Forged By Fire review by Firewind

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  • Released: Jul 12, 2005
  • Sound: 9
  • Lyrics: 8
  • Overall Impression: 8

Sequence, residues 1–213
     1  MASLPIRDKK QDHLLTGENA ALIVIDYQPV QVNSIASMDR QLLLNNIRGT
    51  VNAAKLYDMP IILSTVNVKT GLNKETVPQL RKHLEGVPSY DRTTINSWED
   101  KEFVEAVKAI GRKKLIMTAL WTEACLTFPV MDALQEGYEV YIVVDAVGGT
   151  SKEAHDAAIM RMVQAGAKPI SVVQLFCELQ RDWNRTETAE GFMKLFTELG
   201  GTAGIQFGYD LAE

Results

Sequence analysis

• Reviewer's score: 8.3 Superb
  • Users' score: 9.2 (13 votes)
Firewind: Forged By Fire

Sound — 9